The rat IVD tissues were collected and homogenized in l× PBS, and then, they were centrifuged at 12,000 × g for 15 min at 4°C to collect the supernatants. The supernatants were collected after centrifugation at 10,000 × g at 4°C for 5 min. The quantification of CINC-1 was determined using a specific CINC-1 ELISA kit (R&D Systems, MN, USA). The final result of tissue samples was calculated as the CINC-1 concentration divided by the total protein concentration that was detected using the BCA assay (Beyotime Biotechnology, Shanghai, China).

2.6. Statistical Analysis

All data are presented as . For multiple group analysis, One-way or two-way ANOVA with post hoc Tukey’s multiple comparison test was used with GraphPad Prism version 6. For all statistical tests, we considered a value < 0.05 to be statistically significant.

3. Results

3.1. Administration of ICA Attenuated LBP in Rats

After puncture of the IVDs, all rats showed an obvious LBP indicating that the paw/foot withdrawal threshold was significantly decreased when compared to that in the sham-surgery group on the seventh day (Figure 2(a)). Then, intragastric administration of ICA significantly attenuated the LBP, indicated by a gradual increase in the paw/foot withdrawal threshold since the 14th day. Although the paw/foot withdrawal threshold decreased again during the washout period, the two groups with ICA treatment still had a higher paw/foot withdrawal threshold than the saline group until the end of the observation on the 29th day. In the meantime, there was a significant dose-response manner that ICA at the dosage of 100 mg/kg/d was better for LBP treatment, as depicted in Figure 2(a).

To further determine the analgesic effect of ICA, we next sought to make a comparison between ICA and celecoxib, a well-known cyclooxygenase-2 (COX-2) inhibitor as an analgesic for LBP [13]. As depicted in Figure 2(b), ICA at a dosage of 100 mg/kg/d had a similar analgesic effect as that of celecoxib at a dosage of 100 mg/kg/d, and there was no statistical difference until the 21st day. However, during the washout period, the analgesic effect of ICA was better than that of celecoxib treatment with a statistical significance, suggesting that ICA treatment was more long-lasting (Figure 2(a)). Therefore, all data suggested that ICA was an effective long-lasting analgesic drug for LBP in rats.

3.2. Treatment with ICA Decreased the Expression of SP and CGRP in the IVDs

In addition to behavioral evaluation, pain-related peptides such as SP and CGRP were analyzed using RT-PCR in the IVDs. On the 29th day, IVD treatment with ICA at either 50 mg/kg/d or 100 mg/kg/d caused a lower expression of SP and CGRP than that in the saline group, which objectively suggested that ICA was able to abolish the pain. However, there was no statistical difference between the ICA 50 mg/kg group and the ICA 100 mg/kg group (Figures 3(a) and 3(b)).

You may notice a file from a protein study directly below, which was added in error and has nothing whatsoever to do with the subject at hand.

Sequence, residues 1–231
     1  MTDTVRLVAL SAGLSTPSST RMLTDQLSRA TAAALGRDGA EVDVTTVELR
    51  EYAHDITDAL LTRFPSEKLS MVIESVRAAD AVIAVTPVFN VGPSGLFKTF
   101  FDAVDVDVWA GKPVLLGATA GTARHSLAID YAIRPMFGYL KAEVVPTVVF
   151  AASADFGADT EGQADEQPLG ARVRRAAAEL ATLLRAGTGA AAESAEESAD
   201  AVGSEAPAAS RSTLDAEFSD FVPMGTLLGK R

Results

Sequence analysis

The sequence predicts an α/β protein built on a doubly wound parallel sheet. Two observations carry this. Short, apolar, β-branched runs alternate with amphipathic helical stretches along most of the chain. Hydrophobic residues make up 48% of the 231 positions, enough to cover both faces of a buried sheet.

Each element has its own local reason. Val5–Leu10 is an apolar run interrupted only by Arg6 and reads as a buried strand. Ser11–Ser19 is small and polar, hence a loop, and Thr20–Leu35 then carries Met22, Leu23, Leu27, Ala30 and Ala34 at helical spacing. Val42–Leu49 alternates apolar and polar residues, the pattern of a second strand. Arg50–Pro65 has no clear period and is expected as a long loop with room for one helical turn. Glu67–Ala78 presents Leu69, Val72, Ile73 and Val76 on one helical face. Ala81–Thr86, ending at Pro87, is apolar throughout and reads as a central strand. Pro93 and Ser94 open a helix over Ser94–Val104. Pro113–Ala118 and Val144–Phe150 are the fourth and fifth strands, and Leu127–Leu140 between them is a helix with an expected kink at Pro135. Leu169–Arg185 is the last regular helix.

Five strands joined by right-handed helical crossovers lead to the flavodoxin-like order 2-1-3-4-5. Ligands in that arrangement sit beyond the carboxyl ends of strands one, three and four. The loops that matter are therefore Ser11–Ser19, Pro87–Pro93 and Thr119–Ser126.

3.3. Administration of ICA Suppressed the Upregulated CINC-1 to Reduce LBP

Many studies have demonstrated that CINC-1, the homolog of IL-8 in rats, is a crucial proalgesic factor contributing to LBP, and CINC-1/IL-8 would show significant upregulation after damage to the IVDs [9, 14]. Therefore, we tried to determine whether ICA could decrease the expression of CINC-1 and then reduce the LBP. As shown in Figure 4(a), the expression of CINC-1 protein was significantly decreased after treatment with ICA at dosages of 50 mg/kg and 100 mg/kg when compared with that in the saline injection group, and it occurred in a dose-response manner (Figure 4(a)). More importantly, the relative gene expression was also decreased by treatment with ICA at 50 mg/kg or 100 mg/kg when compared with that in the saline injection group, but it did not occur in a dose-response manner (Figure 4(b)).

Then, a behavioral evaluation suggested that ICA treatment at 100 mg/kg/d had a similar analgesic effect as that of reparixin treatment, an inhibitor of CXCR1/2, which is the primary receptor responding to CINC-1/IL-8, suggesting that inhibition of CINC-1 may be the mechanism by which ICA alleviated LBP (Figure 5(a)). Furthermore, following percutaneous injection of exogenous CINC-1, since the second week after ICA treatment, the rats showed a significantly decreased mechanical allodynia threshold, further suggesting that CINC-1 played a critical role in mediating ICA-attenuated LBP (Figure 5(b)). Therefore, it was reasonable to conclude that ICA reduced LBP via suppressing the expression of CINC-1/IL-8.